The Intel i860 was a RISC microprocessor design introduced by Intel in 1989. It was one of Intel's first attempts at an entirely new, high-end instruction set architecture since the failed Intel iAPX 432 from the 1980s. It was released with considerable fanfare, slightly obscuring the earlier Intel i960, which was successful in some niches of embedded systems, and which many considered to be a better design. The i860 never achieved commercial success and the project was terminated in the mid-1990s.

In computer architecture, 64-bit computing is the use of processors that have datapath widths, integer size, and memory address widths of 64 bits. Also, 64-bit computer architectures for central processing units (CPUs) and arithmetic logic units (ALUs) are those that are based on processor registers, address buses, or data buses of that size. From the software perspective, 64-bit computing means the use of code with 64-bit virtual memory addresses. However, not all 64-bit instruction sets support full 64-bit virtual memory addresses; x86-64 and ARMv8, for example, support only 48 bits of virtual address, with the remaining 16 bits of the virtual address required to be all 0's or all 1's, and several 64-bit instruction sets support fewer than 64 bits of physical memory address.


The Blackfin is a family of 16-/32-bit microprocessors developed, manufactured and marketed by Analog Devices. The processors have built-in, fixed-point digital signal processor (DSP) functionality supplied by 16-bit multiply–accumulates (MACs), accompanied on-chip by a microcontroller. It was designed for a unified low-power processor architecture that can run operating systems while simultaneously handling complex numeric tasks such as real-time H.264 video encoding.

Semiconductor memory is a digital electronic data storage device, often used as computer memory, implemented with semiconductor electronic devices on an integrated circuit (IC). There are many different types of implementations using various technologies.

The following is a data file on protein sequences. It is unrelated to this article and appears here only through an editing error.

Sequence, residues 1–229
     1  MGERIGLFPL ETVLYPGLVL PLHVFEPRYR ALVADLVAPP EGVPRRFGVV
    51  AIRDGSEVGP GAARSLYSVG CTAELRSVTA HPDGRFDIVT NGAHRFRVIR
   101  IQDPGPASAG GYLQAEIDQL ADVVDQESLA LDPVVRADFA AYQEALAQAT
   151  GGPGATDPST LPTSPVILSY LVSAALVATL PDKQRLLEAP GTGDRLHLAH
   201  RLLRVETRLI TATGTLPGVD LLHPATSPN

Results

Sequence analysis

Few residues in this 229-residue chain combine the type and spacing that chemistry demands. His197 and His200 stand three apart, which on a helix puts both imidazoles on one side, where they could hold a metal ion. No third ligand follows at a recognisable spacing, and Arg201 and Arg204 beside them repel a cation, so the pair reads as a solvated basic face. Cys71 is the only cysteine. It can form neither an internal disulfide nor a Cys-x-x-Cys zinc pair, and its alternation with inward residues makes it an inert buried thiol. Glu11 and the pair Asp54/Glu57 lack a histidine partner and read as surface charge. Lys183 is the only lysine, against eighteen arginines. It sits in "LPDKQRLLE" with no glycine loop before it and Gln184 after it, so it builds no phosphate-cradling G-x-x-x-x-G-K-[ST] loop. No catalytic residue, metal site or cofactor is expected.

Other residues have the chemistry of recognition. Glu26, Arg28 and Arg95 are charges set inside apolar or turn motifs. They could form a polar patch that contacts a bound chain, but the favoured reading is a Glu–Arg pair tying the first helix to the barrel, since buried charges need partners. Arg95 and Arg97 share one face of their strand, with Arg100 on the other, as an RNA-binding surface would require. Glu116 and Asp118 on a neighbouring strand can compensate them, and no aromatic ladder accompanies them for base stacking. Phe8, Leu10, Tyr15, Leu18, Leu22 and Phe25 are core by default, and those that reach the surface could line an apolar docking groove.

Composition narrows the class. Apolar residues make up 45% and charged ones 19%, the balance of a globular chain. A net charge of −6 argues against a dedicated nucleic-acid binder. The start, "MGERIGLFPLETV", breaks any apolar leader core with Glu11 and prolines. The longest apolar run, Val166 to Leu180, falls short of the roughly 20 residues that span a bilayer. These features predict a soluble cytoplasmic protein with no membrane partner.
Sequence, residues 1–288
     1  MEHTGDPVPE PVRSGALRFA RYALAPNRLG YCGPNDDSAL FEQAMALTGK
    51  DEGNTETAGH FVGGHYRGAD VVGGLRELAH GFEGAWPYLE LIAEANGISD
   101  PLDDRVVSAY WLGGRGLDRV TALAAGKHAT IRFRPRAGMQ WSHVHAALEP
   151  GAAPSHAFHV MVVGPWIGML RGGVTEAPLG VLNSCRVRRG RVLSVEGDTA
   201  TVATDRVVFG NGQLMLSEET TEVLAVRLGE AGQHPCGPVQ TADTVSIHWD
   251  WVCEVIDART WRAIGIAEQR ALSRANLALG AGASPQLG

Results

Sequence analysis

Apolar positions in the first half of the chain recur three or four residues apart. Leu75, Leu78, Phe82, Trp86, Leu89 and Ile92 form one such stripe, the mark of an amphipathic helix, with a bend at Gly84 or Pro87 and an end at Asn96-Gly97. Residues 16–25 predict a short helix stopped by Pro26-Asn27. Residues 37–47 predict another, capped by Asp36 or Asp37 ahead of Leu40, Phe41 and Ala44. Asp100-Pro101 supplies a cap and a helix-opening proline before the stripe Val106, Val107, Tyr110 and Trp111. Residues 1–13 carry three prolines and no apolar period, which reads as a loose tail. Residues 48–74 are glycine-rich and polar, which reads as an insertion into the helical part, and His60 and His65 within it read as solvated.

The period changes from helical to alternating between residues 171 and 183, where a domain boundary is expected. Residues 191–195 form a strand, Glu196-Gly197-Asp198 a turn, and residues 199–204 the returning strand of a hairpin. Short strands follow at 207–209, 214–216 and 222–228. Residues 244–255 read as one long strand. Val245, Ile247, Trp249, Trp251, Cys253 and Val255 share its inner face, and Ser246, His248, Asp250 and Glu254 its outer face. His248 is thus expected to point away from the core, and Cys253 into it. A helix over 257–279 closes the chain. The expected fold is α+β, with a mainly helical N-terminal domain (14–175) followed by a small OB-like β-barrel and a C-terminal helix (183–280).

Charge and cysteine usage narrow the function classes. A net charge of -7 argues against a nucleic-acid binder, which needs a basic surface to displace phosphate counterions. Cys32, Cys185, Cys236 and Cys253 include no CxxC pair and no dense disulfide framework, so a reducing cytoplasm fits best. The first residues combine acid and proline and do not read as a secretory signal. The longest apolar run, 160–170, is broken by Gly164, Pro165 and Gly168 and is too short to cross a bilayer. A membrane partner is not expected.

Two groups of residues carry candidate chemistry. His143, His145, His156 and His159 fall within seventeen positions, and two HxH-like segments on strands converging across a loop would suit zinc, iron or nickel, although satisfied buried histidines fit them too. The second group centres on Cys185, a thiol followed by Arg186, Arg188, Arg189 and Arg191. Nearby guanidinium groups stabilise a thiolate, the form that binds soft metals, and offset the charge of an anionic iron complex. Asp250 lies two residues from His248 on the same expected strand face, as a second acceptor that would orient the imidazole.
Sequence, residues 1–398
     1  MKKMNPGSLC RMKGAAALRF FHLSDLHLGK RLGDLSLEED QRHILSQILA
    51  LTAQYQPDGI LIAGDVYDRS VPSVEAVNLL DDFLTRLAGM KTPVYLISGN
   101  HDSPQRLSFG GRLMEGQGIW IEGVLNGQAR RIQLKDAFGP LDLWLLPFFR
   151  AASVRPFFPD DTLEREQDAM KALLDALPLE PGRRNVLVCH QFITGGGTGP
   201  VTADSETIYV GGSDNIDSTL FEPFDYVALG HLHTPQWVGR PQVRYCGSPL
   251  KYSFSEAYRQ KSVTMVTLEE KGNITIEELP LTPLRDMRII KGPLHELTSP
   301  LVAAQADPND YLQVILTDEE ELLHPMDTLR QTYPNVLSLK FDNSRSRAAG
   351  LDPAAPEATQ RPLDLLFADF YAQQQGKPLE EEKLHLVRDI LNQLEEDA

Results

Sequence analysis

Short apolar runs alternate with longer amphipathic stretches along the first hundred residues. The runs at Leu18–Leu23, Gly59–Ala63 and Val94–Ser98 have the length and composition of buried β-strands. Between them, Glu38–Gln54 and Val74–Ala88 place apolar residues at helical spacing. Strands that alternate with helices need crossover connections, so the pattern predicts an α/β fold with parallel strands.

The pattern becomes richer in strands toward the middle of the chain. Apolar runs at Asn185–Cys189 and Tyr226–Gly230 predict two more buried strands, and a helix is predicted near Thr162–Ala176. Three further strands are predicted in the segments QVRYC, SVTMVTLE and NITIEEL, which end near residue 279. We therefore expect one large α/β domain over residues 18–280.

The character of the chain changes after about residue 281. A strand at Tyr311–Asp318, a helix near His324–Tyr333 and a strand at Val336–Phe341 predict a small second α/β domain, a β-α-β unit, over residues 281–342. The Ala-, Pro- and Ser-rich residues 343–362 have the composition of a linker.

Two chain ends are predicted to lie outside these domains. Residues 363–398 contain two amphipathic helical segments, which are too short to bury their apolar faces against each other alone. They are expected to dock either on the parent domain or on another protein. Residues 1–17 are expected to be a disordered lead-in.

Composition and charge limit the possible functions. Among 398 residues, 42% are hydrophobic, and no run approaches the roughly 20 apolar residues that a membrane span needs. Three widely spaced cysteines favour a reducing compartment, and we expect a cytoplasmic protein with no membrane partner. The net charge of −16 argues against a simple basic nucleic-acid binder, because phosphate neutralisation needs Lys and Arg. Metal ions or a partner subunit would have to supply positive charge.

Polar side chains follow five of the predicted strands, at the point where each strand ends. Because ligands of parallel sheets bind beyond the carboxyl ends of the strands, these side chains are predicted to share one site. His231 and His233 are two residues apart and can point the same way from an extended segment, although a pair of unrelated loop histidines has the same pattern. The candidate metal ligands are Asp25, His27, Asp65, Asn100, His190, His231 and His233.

In computing, a word is the natural unit of data used by a particular processor design. A word is a fixed-sized piece of data handled as a unit by the instruction set or the hardware of the processor. The number of bits in a word is an important characteristic of any specific processor design or computer architecture.

In computing, hardware acceleration is the use of computer hardware specially made to perform some functions more efficiently than is possible in software running on a general-purpose CPU. Any transformation of data or routine that can be computed, can be calculated purely in software running on a generic CPU, purely in custom-made hardware, or in some mix of both. An operation can be computed faster in application-specific hardware designed or programmed to compute the operation than specified in software and performed on a general-purpose computer processor. Each approach has advantages and disadvantages. The implementation of computing tasks in hardware to decrease latency and increase throughput is known as hardware acceleration.


The R10000, code-named "T5", is a RISC microprocessor implementation of the MIPS IV instruction set architecture (ISA) developed by MIPS Technologies, Inc. (MTI), then a division of Silicon Graphics, Inc. (SGI). The chief designers are Chris Rowen and Kenneth C. Yeager. The R10000 microarchitecture is known as ANDES, an abbreviation for Architecture with Non-sequential Dynamic Execution Scheduling. The R10000 largely replaces the R8000 in the high-end and the R4400 elsewhere. MTI was a fabless semiconductor company; the R10000 was fabricated by NEC and Toshiba. Previous fabricators of MIPS microprocessors such as Integrated Device Technology (IDT) and three others did not fabricate the R10000 as it was more expensive to do so than the R4000 and R4400.

The SPARC64 V (Zeus) is a SPARC V9 microprocessor designed by Fujitsu. The SPARC64 V was the basis for a series of successive processors designed for servers, and later, supercomputers.

Arithmetic logic unit digital circuits

An arithmetic logic unit (ALU) is a combinational digital electronic circuit that performs arithmetic and bitwise operations on integer binary numbers. This is in contrast to a floating-point unit (FPU), which operates on floating point numbers. An ALU is a fundamental building block of many types of computing circuits, including the central processing unit (CPU) of computers, FPUs, and graphics processing units (GPUs). A single CPU, FPU or GPU may contain multiple ALUs.


  1. David E. Culler, Jaswinder Pal Singh, Anoop Gupta. Parallel Computer Architecture - A Hardware/Software Approach. Morgan Kaufmann Publishers, 1999. ISBN   1-55860-343-3, pg 15